British Wildlife 30.2 December 2018

Book review: Identification of Trees and Shrubs in Winter using Buds and Twigs by Bernd Schulz

The first thing to say about this large-format book is that it is a thing of beauty. The author, Bernd Schulz, must be the world’s best painter of twigs. For this book he has painted around 1,400 different twigs and they are reproduced here in full colour, beautifully printed on matt paper. As ever with identification, pictures are much better than photographs, and these could not be bettered.

Pretty well all the temperate deciduous trees and shrubs you are likely to find in parks, gardens and arboretums are here, from tall oaks to bushes right down to currants. Even climbers such as honeysuckle and clematis are included. Conifers, on the other hand, are not, apart from the deciduous larches and cypresses. With the help of keys, including a quick reference key at the back, it is claimed that you can identify any tree or bush from winter twigs alone. First, though, you will need to familiarise yourself with such terms as ‘accessory bud’, ‘infructescence’ and (a new one to me) ‘prophyll’.

One is left wondering who needs to identify trees in winter in parks and gardens. In formal gardens such as Kew, many of the trees can be identified easily enough from the little label provided for us. Furthermore, identifying native British trees and shrubs is not that difficult even in winter, and this book would only confuse matters by subsuming them among hundreds of exotic species: cannot see the trees for the wood, so to speak. Some 700 species are described, and native ones receive no more room than the most exotic mulberry or hydrangea, and without notes that could help identification in Britain (where nearly all native limes are coppiced or pollarded, for instance). On the other hand, it overlooks most of our whitebeams (understandably, it must be said) and does not even illustrate the English Elm, let alone its well-known segregates, Cornish Elm, Plot’s Elm, Huntingdon Elm, and so on. Some of our dog-roses and alpine willows are omitted, and only nine cotoneasters are included from the dozens of naturalised species.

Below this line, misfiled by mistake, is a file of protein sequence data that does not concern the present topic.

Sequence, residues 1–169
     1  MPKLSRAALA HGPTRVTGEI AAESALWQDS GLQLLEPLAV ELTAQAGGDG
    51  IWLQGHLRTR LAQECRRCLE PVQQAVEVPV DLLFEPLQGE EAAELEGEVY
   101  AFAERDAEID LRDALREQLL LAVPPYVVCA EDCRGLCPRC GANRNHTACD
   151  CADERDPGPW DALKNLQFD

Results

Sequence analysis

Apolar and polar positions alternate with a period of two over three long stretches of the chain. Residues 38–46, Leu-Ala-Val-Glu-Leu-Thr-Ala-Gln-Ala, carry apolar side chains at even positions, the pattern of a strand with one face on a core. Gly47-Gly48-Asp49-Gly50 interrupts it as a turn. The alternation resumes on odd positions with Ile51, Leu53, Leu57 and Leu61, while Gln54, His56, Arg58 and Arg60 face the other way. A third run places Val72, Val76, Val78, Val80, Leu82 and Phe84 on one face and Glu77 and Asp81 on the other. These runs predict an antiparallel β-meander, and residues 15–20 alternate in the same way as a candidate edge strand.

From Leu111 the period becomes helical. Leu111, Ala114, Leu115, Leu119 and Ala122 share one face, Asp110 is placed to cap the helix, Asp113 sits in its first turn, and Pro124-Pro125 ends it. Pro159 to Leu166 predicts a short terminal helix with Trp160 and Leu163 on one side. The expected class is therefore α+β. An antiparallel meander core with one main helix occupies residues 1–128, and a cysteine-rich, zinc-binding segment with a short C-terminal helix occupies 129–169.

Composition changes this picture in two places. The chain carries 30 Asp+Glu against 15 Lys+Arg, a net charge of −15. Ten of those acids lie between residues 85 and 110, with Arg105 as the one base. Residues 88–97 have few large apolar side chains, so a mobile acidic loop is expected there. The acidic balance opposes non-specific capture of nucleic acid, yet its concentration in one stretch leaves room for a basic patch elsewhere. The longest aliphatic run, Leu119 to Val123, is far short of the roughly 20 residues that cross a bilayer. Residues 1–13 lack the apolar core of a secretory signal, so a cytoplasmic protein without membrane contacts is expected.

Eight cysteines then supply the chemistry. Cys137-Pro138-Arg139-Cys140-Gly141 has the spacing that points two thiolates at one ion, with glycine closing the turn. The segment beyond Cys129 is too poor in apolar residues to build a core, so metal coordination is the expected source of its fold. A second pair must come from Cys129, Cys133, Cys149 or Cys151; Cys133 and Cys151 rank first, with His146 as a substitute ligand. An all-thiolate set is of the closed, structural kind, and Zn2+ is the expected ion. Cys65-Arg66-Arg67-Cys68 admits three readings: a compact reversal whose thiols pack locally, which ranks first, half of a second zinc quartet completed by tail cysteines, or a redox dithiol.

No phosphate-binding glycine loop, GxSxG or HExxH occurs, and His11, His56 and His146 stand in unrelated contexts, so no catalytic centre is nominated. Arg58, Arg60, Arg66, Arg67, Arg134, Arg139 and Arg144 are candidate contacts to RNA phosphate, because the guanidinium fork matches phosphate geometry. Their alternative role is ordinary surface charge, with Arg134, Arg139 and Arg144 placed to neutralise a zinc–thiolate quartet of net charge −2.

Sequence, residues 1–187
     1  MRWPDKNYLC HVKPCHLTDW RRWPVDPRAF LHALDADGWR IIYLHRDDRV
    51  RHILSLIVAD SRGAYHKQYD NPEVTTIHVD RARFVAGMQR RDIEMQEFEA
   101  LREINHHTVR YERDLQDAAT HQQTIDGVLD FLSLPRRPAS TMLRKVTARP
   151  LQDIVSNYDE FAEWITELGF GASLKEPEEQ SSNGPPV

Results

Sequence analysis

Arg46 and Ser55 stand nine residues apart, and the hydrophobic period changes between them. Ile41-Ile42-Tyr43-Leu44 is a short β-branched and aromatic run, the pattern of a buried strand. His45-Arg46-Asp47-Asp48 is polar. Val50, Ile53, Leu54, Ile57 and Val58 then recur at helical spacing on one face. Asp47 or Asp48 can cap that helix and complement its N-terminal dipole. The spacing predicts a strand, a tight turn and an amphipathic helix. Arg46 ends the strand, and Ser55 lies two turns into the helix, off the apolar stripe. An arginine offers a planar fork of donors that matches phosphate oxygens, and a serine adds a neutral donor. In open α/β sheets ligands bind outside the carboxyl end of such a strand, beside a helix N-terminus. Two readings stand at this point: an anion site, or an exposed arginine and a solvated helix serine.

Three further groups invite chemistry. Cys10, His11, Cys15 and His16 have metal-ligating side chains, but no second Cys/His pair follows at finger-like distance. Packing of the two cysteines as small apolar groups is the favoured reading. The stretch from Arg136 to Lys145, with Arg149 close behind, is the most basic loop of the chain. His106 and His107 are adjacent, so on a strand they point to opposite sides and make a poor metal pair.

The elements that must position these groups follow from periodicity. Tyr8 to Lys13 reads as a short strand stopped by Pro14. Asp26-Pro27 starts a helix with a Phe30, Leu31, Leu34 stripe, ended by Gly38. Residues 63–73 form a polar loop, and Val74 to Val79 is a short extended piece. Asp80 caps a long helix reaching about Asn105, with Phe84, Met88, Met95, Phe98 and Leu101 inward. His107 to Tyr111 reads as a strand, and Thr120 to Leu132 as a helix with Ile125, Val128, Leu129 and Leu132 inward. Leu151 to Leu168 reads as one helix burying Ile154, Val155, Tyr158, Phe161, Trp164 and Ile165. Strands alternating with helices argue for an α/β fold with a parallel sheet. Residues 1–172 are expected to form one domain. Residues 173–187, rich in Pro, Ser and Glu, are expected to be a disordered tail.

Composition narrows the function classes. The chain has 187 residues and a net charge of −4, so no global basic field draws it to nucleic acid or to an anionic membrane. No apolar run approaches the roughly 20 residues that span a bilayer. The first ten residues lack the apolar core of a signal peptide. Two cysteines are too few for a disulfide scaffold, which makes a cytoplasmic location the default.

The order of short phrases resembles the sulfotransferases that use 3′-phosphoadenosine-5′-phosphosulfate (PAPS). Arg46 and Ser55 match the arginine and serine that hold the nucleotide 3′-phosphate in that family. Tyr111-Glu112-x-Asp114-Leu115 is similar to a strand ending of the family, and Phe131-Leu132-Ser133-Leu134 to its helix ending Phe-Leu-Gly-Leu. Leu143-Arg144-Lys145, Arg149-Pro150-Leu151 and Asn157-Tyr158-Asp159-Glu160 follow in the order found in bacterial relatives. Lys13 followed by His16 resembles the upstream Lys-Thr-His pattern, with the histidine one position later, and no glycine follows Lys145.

A few of the names are unfamiliar. Our two service trees, Sorbus torminalis and Sorbus domestica, are placed in new genera, Torminalis and Cormus respectively. The Medlar has become a Crataegus (a hawthorn, that is). The plant we know as Duke of Argyll’s Teaplant is newly christened as the Chinese Box Thorn. These small points underline the larger one that this book is a translation from a German original. This is a tricky undertaking because botanical terms and definitions differ between countries, as the author’s note on translation warns. What I think might have happened is that someone at Kew fell in love with Bernd Schulz’s illustrations and found the money to produce an English edition of excellent quality, but not thoroughly edited for use in Britain. Moreover, the book was ill-timed. The BSBI is about to produce a field guide on the exact same subject, with simpler illustrations but more closely tailored to what British naturalists really need.

Reviewed by Peter Marren
Climate Change and British Wildlife Atlas of the Hydrophiloid Beetles of Britain and Ireland
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